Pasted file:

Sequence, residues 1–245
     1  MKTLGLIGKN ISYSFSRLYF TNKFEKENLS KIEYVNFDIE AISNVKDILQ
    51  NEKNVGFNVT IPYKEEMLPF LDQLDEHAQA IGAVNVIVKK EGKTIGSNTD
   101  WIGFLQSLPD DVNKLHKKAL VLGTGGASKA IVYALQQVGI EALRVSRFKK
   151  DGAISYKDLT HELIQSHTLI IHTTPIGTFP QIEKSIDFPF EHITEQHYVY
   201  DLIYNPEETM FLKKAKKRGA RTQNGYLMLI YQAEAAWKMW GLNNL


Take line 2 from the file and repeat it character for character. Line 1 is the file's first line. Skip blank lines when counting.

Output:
     1  MKTLGLIGKN ISYSFSRLYF TNKFEKENLS KIEYVNFDIE AISNVKDILQ